A Biography Of Mortan Subotnick Essay, Research Paper
ELECTRONIC MUSIC COMPOSER:Morton SubotnickMorton Subotnick, a leader in the field of electronic music, was born on April 14, 1933 in Los Angeles, California. Morton musical interest began at the age of seven while suffering from bronchitis. Morton’s family doctor suggested that he play a wind instrument to help with the recovery process. Morton chose the clarinet and was playing concertos at the tender age of ten, and by the age of twelve he was already composing his own music. Morton received a BA from the University of Denver and he also earned his MA from Mills College while studying composition under Leon Kirchner and Darius Milhaud. Subotnick’s first experiments with electronic music was taking the magnetic tape of recorded music and splicing them together. He would rearrange the tape backward, forward, and in loops, creating a variety of different sounds. In 1967 Subotnick’s work “Silver Apples of the Moon” was the first electronic piece commissioned by a record company. This not only made the home theatre system a medium for chamber music but it gave Subotnick a spot in the history of electronic music. This work took advantage of the Buchla Synthesizer, which was a keypad that Subotnick had helped to design and develop. Popular dance companies worldwide have choreographed this work along with a few other of Subotnick’s works. Another major part of Subotnick’s musical history is his invention dealing with real-time processing of sound in live performance situations. Subotnick invented what he called a “ghost box.” This box is made up of a pitch and envelope follower, and an amplifier, frequency shifter, and ring modulator that control the voltage of the sound. These control voltages were stored on tape and would be used in a performance by being played while sending the live music to the box thus creating real-time music. He referred to this sound alteration as a “ghost score” since neither the tape or the box itself contained any written music. The musician and the ghost score would have to work together to perform the exact music at the exact time. “Two Life Histories” composed in 1977 was the first performance to use the electronic ghost score. For the next six years Subotnick concentrated solely on works pertaining to live performances and ghost scores. Other famous works composed primarily for the ghost score include “Liquid Strata” (piano), “The Wild Beasts” (trombone, cello, and piano), and “The Fluttering of Wings” (string quartet). In 1981 Subotnick’s work “Ascent into Air” made for use with the 4C Computer and live performances, it used more advanced techniques to manipulate sound including a quadraphonic placement of the instrumentalists that modified the timbres of the live instruments.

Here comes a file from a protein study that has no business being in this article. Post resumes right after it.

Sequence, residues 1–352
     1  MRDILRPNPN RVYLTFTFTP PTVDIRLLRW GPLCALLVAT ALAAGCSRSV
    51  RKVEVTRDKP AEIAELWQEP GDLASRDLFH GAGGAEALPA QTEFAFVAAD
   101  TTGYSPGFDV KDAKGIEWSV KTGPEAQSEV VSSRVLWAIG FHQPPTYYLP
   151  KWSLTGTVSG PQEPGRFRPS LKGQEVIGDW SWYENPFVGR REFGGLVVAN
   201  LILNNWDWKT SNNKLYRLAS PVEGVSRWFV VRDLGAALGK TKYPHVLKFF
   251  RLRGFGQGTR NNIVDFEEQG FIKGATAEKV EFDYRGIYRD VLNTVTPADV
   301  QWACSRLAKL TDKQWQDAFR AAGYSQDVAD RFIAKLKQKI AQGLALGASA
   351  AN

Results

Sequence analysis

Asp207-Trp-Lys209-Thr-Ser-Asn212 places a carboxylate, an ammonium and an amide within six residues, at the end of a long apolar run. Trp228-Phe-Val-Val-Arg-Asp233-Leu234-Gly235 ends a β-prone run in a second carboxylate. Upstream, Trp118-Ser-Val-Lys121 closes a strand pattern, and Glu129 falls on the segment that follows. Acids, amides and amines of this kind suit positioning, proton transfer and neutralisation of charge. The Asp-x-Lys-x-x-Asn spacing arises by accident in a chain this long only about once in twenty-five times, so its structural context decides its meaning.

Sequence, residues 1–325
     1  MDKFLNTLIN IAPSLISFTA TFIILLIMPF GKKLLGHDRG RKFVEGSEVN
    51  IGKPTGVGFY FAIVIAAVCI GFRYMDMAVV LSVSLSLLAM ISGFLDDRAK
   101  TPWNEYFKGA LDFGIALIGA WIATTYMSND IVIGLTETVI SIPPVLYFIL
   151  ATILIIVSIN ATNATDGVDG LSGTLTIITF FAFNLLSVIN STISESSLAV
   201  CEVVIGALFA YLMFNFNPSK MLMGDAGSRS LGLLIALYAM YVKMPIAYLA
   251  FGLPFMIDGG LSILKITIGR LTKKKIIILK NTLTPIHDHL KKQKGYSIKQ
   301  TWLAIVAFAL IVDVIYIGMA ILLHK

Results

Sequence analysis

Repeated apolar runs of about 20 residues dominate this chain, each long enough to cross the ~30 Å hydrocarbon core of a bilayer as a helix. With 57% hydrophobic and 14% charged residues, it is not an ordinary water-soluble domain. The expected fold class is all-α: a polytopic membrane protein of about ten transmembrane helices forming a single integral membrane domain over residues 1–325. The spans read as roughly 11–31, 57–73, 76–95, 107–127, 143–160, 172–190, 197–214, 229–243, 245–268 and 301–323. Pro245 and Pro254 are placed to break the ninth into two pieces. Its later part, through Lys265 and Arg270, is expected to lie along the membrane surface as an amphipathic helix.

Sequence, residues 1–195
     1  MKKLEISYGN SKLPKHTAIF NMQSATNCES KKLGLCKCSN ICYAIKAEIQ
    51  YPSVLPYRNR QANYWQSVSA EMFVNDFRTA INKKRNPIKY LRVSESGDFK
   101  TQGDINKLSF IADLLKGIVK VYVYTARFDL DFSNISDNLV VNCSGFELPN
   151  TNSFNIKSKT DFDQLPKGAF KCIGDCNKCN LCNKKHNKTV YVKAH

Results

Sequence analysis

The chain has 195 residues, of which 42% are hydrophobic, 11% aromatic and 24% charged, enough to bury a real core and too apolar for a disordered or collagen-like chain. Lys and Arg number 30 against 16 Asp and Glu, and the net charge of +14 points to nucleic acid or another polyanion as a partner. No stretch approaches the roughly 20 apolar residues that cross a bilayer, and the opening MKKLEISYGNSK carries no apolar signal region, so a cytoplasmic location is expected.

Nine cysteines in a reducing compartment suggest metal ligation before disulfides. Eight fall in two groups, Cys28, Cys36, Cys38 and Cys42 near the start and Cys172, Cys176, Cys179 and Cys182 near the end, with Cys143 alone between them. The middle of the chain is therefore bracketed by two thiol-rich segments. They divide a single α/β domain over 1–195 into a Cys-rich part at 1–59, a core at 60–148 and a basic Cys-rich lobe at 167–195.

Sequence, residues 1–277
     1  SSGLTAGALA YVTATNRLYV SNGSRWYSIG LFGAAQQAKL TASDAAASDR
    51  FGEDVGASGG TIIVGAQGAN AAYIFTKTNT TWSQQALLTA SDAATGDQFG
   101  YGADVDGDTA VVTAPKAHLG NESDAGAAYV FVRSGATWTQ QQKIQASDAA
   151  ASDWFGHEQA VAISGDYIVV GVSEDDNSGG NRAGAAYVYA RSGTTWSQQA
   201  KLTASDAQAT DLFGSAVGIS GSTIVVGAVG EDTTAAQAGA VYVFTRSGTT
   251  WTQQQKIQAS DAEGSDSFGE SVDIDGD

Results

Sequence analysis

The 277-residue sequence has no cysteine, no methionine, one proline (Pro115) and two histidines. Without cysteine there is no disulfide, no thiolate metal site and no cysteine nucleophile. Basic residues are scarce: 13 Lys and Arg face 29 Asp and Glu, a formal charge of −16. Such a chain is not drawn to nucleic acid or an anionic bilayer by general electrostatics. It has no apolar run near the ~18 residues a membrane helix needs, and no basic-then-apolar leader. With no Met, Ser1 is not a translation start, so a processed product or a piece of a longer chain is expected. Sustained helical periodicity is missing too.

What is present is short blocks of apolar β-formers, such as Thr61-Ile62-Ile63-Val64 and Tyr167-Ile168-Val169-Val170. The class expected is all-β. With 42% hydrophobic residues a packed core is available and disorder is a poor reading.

Subotnick has also composed many other types of music that include eight works for orchestra, chamber music, and music for the theatre and multi-media productions.Subotnick’s more recent work involves computerized sound generation, specially designed software and “intelligent” computer controls which allow the performing musicians to inter act in a complex and musical way with the computer. Presently Morton Subotnick is leading the Composition program and the Center for Experiments in Art, Information and Technology (CEAIT) at the California Institute of the Arts. He also tours around the U.S. and Europe both lecturing and performing for others.BIBLIOGRAPHYWebsites “Morton Subotnick” (http ://arts.ucsc.edu/EMS/Music/music/landmarks/subotnick.html). Downloaded November 17, 1998. Mabee, Stephanie. “Musical Explorer” ASU Research Magazine, Fall/Winter 1995.(http://toad.asu .edu/rschmag/textonly/to101mus.html). Downloaded November 17, 1998. “Morton Subotnick” European American Music Distributors Corporation (http://www.eamdc.com). Downloaded November 17, 1998.